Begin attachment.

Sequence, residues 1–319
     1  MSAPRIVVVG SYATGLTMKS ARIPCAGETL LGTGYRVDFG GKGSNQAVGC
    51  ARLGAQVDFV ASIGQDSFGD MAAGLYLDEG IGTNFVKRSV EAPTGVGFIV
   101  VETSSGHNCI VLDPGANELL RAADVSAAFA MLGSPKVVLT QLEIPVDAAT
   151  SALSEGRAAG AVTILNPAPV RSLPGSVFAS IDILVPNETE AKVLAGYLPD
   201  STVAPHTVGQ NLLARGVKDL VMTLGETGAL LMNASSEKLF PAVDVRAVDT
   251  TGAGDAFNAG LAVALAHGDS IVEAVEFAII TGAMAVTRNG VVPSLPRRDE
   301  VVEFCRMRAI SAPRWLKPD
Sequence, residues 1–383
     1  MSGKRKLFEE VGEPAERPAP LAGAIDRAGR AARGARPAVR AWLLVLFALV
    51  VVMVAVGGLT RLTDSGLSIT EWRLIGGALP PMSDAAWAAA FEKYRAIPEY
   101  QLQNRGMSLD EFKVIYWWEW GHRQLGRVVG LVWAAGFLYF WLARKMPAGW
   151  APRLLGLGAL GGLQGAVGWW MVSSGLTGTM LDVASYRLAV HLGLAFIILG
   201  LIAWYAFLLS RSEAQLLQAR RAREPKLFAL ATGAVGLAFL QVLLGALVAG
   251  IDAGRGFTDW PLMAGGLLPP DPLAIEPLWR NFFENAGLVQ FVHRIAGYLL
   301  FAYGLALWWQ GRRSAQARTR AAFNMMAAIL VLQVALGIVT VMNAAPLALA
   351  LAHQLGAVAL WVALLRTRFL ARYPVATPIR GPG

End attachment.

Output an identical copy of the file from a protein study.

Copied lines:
Sequence, residues 1–319
     1  MSAPRIVVVG SYATGLTMKS ARIPCAGETL LGTGYRVDFG GKGSNQAVGC
    51  ARLGAQVDFV ASIGQDSFGD MAAGLYLDEG IGTNFVKRSV EAPTGVGFIV
   101  VETSSGHNCI VLDPGANELL RAADVSAAFA MLGSPKVVLT QLEIPVDAAT
   151  SALSEGRAAG AVTILNPAPV RSLPGSVFAS IDILVPNETE AKVLAGYLPD
   201  STVAPHTVGQ NLLARGVKDL VMTLGETGAL LMNASSEKLF PAVDVRAVDT
   251  TGAGDAFNAG LAVALAHGDS IVEAVEFAII TGAMAVTRNG VVPSLPRRDE
   301  VVEFCRMRAI SAPRWLKPD
Sequence, residues 1–383
     1  MSGKRKLFEE VGEPAERPAP LAGAIDRAGR AARGARPAVR AWLLVLFALV
    51  VVMVAVGGLT RLTDSGLSIT EWRLIGGALP PMSDAAWAAA FEKYRAIPEY
   101  QLQNRGMSLD EFKVIYWWEW GHRQLGRVVG LVWAAGFLYF WLARKMPAGW
   151  APRLLGLGAL GGLQGAVGWW MVSSGLTGTM LDVASYRLAV HLGLAFIILG
   201  LIAWYAFLLS RSEAQLLQAR RAREPKLFAL ATGAVGLAFL QVLLGALVAG
   251  IDAGRGFTDW PLMAGGLLPP DPLAIEPLWR NFFENAGLVQ FVHRIAGYLL
   301  FAYGLALWWQ GRRSAQARTR AAFNMMAAIL VLQVALGIVT VMNAAPLALA
   351  LAHQLGAVAL WVALLRTRFL ARYPVATPIR GPG